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Estimating the genetic potential in stature
  2. Z C LUO
  1. Department of Pediatrics, Queen Mary Hospital
  2. The University of Hong Kong, Hong Kong

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    Editor,—Midparental height is an important measure in estimating a child's target height—the genetic potential in stature. Height reference values that allow for parental height are more appropriate for growth evaluation in paediatric clinics. We read with interest the recent paper by Wright and Cheetham on the strengths and limitations of parental heights as a predictor of attained height.1 The authors concluded that midparental height was a useful indicator of the expected height for children when their parents were of average stature but misleading when used to assess short children. We have recently reported the same findings based in 2402 Swedish children.2 We observed that the regression coefficient between midparental height and a child's final height was approximately 0.6 in standard deviation scores (it was 0.5 for children 8 years of age in the paper by Wright and Cheetham).

    We believe that the linear function of midparental height could be used to estimate a child's target height, rather than midparental or corrected midparental height, which Wright and Cheetham implicitly used to represent a child's genetic target height. The meaning of midparental height is different for children with short, average, and tall parents. The parents' heights not only reflect the parents' genotype in stature, but also mirrors the extrinsic influences the parents experienced during their own growth span. This provides a biologically meaningful explanation of the so called “regression to the mean phenomenon”. For instance, the intrinsic genetic potential in stature of short parents is usually much greater than their measured heights; consequently, the following generation is usually taller due to a better manifestation of the intrinsic growth potential.2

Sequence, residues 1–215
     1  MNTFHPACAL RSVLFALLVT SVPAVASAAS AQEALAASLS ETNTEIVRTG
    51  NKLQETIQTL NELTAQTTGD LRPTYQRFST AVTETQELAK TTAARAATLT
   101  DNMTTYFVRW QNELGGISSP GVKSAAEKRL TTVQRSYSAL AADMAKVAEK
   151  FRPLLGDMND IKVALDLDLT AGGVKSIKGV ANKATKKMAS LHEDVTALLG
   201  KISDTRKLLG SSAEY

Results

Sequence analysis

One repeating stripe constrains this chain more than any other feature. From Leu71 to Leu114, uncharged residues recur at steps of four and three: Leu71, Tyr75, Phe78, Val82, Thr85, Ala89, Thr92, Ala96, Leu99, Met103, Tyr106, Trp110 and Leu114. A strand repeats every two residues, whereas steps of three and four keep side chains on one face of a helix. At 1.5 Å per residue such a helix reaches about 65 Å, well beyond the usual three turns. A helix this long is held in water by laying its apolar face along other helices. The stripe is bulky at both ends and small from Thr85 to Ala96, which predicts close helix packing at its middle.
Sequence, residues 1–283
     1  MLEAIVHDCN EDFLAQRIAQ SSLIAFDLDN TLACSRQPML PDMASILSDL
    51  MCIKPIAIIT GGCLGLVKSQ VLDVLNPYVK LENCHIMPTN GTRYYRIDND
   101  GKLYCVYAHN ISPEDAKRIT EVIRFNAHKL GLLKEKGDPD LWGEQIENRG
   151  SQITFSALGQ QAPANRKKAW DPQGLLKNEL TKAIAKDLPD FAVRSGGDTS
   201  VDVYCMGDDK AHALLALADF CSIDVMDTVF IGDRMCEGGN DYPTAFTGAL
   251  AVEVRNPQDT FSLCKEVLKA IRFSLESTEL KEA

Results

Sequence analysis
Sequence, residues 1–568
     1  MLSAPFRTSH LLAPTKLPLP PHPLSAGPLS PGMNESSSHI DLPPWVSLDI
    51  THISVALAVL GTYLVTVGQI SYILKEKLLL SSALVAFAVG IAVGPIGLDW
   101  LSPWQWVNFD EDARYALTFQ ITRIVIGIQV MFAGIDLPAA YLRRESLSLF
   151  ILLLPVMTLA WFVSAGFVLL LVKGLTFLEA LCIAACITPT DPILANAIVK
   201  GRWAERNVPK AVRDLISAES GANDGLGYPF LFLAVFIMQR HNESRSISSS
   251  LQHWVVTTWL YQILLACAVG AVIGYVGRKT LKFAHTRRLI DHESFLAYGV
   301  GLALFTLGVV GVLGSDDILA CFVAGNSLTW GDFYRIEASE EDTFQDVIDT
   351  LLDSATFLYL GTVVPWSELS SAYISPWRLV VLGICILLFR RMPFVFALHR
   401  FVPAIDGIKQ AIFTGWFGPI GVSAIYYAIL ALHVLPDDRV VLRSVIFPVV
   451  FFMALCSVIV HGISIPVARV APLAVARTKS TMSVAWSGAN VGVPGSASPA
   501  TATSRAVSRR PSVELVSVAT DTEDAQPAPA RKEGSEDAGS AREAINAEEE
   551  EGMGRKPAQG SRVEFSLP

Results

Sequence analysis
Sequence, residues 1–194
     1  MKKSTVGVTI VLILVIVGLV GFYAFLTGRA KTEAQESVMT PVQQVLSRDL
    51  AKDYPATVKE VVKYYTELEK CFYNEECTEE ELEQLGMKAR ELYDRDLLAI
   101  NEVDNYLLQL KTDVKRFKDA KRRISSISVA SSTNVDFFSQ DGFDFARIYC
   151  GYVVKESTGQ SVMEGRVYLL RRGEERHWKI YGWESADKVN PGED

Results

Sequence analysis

We agree that short children attending paediatric clinics are usually shorter than their target height, whatever method is used for estimation. The height of parents is important for clinical evaluation of short children. A short child with tall parents is certainly more likely to have a pathological cause than a short child of short parents. It is not appropriate to consider midparental height itself as a simple measure of target height. Clearly, midparental height is not misleading for any child if its linear function is used for estimating a child's target height—the genetic potential in stature.